Coronavirus causes recession in the United States

Coronavirus causes recession in the United States

access_time2020-03-26 09:30:12

American and British authorities class Mr Assange as a flight risk because he skipped bail over Swedish sexual assault allegations to flee to London’s Ecuadorian embassy in 2012.

The coronavirus  crisis has sent the economy into a tailspin in the United States and around the globe. The restaurant industry has ground to a halt. So have air travel auto manufacturing , hotels, gyms, and cruise lines. The stock market has posted enormous losses  and wild daily swings, to the point that trading has sometimes been paused altogether , and the price of oil has plummeted. Layoffs across the country are taking place in waves. We’re producing less, spending less, and consuming less.

What we’re in now is different from other recent downturns. It’s pegged to the global health crisis caused by the coronavirus pandemic, and whatever levers the Federal Reserve, Congress, the White House, and state and local governments pull can only do so much. Government officials made the decision that shutting down businesses and pausing a lot of economic activity is worth saving lives. As Dartmouth College economist Bruce Sacerdote put it, “It’s all about getting the damn virus under control.”

A recession generally means that the economy, instead of growing, contracts.

Traditionally, a recession has been defined as two consecutive quarters of negative GDP growth. The National Bureau of Economic Research has a broader definition : “a significant decline in economic activity spread across the economy, lasting more than a few months, normally visible in real GDP, real income, employment, industrial production, and wholesale-retail sales.” A group within the NBER, the Business Cycle Dating Committee, is the body that officially “calls” when a recession starts and ends. It could do so once two quarters of data are in, it could do so now, or it could never do so at all. Data is often a lagging indicator, but given the state of affairs, we don’t really need to wait to figure out what’s happening.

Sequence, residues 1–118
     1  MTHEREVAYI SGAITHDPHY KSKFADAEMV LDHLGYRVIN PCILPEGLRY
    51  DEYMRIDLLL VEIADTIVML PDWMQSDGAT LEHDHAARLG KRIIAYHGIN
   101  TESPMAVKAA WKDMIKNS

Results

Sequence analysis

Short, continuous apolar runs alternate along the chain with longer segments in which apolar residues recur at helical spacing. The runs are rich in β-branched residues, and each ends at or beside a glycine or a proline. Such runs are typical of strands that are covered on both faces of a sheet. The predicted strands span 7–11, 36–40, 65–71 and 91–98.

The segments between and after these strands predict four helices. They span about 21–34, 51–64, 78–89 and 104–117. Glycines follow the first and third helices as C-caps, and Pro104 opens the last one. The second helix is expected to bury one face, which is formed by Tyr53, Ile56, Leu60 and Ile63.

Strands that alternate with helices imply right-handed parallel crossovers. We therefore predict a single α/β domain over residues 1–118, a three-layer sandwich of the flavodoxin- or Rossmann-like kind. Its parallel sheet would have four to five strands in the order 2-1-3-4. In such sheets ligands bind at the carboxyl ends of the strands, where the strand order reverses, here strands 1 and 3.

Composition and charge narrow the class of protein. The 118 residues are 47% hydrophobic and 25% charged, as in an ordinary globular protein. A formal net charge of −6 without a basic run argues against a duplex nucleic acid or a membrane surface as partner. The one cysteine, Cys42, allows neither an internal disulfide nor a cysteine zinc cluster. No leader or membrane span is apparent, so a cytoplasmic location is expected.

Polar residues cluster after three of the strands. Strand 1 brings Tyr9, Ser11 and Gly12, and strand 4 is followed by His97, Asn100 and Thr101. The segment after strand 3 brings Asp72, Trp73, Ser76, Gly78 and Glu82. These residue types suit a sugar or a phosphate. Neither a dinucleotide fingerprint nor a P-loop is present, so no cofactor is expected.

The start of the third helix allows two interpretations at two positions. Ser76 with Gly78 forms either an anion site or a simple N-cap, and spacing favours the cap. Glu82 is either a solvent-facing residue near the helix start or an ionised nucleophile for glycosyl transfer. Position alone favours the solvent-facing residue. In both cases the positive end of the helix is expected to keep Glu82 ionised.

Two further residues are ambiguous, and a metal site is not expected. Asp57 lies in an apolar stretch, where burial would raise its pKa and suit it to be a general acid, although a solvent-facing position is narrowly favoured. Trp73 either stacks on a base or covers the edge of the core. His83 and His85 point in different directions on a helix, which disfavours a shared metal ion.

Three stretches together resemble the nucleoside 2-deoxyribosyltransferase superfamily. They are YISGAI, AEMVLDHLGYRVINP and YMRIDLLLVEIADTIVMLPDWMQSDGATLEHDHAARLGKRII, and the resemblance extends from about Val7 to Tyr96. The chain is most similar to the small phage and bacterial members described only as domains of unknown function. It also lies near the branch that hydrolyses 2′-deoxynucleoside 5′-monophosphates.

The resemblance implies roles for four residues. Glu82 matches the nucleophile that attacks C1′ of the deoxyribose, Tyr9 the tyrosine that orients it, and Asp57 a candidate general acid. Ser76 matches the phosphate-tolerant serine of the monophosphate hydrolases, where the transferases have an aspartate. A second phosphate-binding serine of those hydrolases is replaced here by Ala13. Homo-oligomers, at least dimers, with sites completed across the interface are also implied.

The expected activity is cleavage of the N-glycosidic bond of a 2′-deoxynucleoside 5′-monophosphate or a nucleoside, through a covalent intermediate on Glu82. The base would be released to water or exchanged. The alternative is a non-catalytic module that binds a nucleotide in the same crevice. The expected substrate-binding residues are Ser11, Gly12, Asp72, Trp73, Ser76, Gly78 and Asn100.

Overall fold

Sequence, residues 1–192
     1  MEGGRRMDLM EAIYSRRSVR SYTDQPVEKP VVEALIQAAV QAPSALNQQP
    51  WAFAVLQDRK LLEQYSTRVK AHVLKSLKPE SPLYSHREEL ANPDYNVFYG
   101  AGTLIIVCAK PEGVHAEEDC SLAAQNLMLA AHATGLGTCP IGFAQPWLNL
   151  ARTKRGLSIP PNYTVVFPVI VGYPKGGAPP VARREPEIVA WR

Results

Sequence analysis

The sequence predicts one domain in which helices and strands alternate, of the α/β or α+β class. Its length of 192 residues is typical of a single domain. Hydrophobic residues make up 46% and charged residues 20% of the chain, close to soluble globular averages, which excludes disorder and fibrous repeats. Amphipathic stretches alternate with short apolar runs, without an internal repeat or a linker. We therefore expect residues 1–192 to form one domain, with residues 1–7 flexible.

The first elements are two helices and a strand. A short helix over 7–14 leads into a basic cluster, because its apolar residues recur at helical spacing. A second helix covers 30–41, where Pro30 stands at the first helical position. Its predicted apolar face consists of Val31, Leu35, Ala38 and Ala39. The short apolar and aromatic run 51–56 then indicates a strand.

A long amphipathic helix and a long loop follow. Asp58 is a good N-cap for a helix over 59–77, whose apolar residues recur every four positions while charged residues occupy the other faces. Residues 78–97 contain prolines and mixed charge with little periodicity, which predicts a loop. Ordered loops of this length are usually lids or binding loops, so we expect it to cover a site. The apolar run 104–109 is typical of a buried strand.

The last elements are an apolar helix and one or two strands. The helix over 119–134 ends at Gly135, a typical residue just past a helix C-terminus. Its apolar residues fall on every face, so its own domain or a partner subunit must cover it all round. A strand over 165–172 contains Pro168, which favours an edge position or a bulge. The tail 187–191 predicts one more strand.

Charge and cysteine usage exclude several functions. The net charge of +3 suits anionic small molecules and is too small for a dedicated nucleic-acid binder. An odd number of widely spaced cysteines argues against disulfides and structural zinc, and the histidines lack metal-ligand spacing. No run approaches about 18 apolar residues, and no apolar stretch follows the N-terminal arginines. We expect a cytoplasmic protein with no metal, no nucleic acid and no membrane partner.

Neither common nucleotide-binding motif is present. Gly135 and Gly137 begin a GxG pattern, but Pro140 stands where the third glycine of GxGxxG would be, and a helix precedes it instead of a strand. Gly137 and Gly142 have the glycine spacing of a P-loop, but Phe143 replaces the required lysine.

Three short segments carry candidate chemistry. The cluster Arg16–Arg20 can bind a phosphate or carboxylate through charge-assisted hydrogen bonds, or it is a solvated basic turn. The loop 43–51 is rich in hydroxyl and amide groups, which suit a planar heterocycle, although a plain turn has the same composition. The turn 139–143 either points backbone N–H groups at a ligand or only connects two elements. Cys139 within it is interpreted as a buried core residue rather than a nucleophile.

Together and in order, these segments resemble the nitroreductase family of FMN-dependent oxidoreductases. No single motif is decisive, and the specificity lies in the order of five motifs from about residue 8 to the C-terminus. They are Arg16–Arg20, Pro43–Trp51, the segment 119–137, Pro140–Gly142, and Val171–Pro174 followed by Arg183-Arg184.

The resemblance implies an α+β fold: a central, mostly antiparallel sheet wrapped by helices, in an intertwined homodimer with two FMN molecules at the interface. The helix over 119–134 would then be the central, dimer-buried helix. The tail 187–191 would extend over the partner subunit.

The data and estimates we do have are already staggering. Restaurant occupancy has plummeted  across multiple states and cities, and airlines are slashing flights .

Weekly jobless claims rose to 281,000  the week ending on March 14, and Goldman Sachs estimates the number will climb to 2.25 million from March 15 to 21. Various  states  have seen unemployment insurance phone lines jammed as recently laid-off workers call in. The unemployment rate is widely expected to spike from the historically low 3.5 percent rate it was at in February.

Analyst forecasts for GDP growth have become increasingly dire in recent days as the gravity of the situation sets in. JPMorgan estimated  the economy could shrink by 14 percent in the second quarter. Goldman forecast a decline of 24 percent. Both predicted a strong bounce-back in the third and fourth quarters, largely on the assumption that the virus will be under control by then, which is far from assured.

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